The trouble began in the early 1980s, when we baby boomers entered our 30s and began molding the world in our own image. You can graph the spreading darkness from that point, as US debt, the number of government employees, the trade deficit and virtually every other measure of societal pathology inflected upward. Our generation, says James Bacon, a Virginia writer and magazine publisher, will go down in history as the one that ended the American empire — along with the retirement dreams of pretty much everyone everywhere.
Full disclosure: I’ve known Jim Bacon ever since I wrote for one of his magazines back in the 1980s. He was one of my favorite editors, both because he had a light touch and because he almost always saw the real story behind the noise and opinion. So I expected his new book, Boomergeddon to be both easy to read and incisive, and he’s succeed on both counts. Here’s a representative excerpt from the intro:
When you wake up 20 years from now, shaking your head of thinning white hair (those of you who have hair), groping for your bifocals, and feeling all out of sorts because your “golden” years have become as shopworn as cheap costume jewelry, you’ll know whom to blame. Just look in the mirror and take a long hard look at the miscreant who failed to save enough money, despite abundant warnings that retirement would be very, very expensive. Then head to East Capital Street, N.E./ Washington, D.C., where you can accost any member of the 535 members of Congress who, through successive decisions more short-sighted than your own rheumy eyeballs, racked up mountains of debt, presided over the disintegration of the United States retirement safety net, and ruined whatever shot you had at living an old age where the words “happy,” “carefree” and “solvent” applied.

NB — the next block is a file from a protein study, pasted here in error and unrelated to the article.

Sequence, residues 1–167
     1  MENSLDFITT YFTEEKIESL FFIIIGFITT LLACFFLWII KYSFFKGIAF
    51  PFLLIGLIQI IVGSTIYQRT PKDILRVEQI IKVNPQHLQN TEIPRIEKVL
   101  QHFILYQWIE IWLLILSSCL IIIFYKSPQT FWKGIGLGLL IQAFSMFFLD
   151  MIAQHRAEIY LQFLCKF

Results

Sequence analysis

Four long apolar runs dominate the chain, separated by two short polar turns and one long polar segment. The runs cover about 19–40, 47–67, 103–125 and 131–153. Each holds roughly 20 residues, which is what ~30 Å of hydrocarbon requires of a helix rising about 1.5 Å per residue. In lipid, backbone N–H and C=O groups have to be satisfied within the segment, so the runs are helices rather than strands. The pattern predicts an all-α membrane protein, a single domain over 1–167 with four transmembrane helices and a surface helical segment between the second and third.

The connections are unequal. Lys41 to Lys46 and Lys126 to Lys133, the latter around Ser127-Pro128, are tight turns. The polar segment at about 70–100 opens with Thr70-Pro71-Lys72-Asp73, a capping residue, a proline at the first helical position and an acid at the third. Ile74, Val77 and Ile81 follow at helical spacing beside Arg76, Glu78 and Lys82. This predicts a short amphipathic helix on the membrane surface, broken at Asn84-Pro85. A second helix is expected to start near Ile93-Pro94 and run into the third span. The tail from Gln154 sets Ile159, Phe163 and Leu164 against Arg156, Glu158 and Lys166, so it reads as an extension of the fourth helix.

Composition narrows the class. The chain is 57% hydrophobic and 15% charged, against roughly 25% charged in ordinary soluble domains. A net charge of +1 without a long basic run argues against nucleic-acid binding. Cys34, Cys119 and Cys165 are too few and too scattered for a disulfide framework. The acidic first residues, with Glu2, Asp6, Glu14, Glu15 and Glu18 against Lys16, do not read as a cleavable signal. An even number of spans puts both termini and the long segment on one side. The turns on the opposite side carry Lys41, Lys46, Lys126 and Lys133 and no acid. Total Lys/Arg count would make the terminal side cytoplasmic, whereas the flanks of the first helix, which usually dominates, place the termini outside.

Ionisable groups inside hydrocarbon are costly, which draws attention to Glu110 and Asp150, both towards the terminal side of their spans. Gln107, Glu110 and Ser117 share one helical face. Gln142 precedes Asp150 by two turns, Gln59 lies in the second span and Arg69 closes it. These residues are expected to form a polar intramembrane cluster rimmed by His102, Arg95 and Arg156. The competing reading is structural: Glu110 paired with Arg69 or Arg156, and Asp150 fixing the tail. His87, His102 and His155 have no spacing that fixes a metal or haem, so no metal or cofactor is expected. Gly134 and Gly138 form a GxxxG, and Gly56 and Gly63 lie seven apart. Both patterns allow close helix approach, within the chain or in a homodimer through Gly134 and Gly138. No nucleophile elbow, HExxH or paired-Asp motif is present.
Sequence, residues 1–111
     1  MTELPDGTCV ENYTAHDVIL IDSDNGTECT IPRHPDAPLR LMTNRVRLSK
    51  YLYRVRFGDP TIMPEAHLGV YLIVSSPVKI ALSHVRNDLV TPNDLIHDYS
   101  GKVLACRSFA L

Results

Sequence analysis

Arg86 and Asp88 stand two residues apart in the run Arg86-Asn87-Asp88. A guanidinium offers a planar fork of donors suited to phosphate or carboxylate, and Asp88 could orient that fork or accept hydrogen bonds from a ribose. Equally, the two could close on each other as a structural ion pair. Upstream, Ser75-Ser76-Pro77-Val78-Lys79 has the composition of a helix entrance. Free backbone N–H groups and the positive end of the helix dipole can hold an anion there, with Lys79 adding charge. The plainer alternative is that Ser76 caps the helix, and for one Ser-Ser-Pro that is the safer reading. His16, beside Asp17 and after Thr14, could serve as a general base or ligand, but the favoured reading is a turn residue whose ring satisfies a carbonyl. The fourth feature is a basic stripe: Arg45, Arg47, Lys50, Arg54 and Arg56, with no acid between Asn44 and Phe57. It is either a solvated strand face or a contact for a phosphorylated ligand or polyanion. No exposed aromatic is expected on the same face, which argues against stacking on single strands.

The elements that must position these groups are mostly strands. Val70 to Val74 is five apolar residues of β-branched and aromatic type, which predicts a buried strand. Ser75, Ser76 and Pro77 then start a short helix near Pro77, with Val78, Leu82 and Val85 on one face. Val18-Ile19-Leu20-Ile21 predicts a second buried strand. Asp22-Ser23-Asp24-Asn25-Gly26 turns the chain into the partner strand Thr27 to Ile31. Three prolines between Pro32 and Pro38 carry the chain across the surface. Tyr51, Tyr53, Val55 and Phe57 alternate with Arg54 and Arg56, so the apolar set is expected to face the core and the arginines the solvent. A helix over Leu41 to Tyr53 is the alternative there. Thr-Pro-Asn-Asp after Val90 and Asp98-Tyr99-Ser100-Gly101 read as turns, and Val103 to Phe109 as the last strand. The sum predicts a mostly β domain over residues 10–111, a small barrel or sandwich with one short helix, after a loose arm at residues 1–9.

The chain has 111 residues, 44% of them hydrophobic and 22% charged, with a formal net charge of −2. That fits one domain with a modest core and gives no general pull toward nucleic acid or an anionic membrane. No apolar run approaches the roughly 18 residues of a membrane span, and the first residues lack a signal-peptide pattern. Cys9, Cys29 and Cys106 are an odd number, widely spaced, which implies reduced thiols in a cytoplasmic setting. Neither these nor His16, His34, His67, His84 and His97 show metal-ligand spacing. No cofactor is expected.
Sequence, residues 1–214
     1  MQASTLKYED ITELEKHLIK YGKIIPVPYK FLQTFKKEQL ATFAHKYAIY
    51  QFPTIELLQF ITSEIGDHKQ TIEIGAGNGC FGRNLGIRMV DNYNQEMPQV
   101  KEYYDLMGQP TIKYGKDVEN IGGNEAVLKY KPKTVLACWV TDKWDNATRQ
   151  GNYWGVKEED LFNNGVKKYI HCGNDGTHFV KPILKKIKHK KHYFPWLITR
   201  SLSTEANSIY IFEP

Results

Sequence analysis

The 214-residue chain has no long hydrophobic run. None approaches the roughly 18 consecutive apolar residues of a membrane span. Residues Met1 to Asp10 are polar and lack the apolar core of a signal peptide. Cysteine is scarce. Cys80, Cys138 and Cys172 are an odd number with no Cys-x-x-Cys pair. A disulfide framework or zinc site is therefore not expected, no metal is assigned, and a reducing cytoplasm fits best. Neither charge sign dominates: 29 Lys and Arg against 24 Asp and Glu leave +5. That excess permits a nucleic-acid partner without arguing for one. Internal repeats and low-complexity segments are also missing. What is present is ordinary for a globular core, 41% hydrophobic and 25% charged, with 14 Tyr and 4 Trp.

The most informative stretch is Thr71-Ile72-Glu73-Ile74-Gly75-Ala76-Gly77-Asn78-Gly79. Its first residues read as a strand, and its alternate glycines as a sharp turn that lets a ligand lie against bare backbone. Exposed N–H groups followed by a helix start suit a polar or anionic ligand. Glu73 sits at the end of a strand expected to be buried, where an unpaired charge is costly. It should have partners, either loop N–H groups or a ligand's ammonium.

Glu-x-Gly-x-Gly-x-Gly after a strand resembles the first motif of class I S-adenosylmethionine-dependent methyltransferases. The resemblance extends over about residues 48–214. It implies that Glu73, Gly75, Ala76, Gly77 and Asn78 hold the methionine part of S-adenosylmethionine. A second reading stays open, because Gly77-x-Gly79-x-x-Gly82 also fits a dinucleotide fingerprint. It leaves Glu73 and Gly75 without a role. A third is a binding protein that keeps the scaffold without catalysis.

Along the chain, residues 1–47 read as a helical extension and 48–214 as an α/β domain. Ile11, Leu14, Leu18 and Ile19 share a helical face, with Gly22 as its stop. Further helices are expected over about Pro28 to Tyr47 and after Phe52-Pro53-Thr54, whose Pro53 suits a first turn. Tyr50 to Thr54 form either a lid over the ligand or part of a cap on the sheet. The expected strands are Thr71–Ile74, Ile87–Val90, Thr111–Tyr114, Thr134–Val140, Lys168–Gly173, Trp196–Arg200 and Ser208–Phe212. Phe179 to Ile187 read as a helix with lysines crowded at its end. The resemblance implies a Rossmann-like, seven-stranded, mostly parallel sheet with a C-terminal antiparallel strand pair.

Bacon’s main point early on is that the system has devolved to the point where it no longer matters who’s in charge. Each major party is run by a ruling class of lobbyists, bureaucrats and professional politicians who are beholden to a set of interest groups that demand higher spending and increased money printing. Each side blames the other for the mounting problems, so elections tend to be alternating landslides, as opposition candidates demonize incumbents, are given a chance to fix things, and then proceed to reward their constituents with even higher spending. Notes Bacon, “The illusion of a significant divide between the two [parties] is maintained by the close attention given to minor differences within a narrow band of public policy options.”
In other words, the political class pretends to argue about immigration, abortion, and marginal tax rates while a demographic tsunami of retiring boomers bankrupts the social safety net. The guys in charge will retire rich while the people depending on government help will get stiffed.
The first half of the book sets this scene, with chapters on the health care system’s financial implosion, the demographic disaster of an aging population, and US dependence on foreign creditors. A lot of this won’t be new to sound money folks, but it’s well-organized and up-to-date, so it’s interesting nonetheless. And readers new to the subject will be suitably shocked.
The result of all these intersecting trends will be Boomergeddon, the end of the world as we boomers know it. With the US unable to finance its global military presence, regional tyrants will make the world less stable. The social safety net will fray and the dollar will be inflated away, ending the retirement dreams of most seniors. Where being born in America was once like winning the lottery, retiring there will be — literally — like going bankrupt.
So, what to do? Towards the end of the book, Bacon offers some strategies for minimizing the risk of life in hard times. There are sections on material possessions, debt, living arrangements, etc. This is Dave Ramsey territory, where cash is king and the paid-off mortgage has replaced the BMW as the status symbol of choice. And it’s right-on. If boomers had been living this way for the past 30 years we’d be in pretty good shape as a society. But we made other choices and are now reaping what we’ve sown. It’s too late for the system, and for most boomers, but some still have a chance to salvage a secure retirement, and this book is a useful guide. Here’s the Amazon link.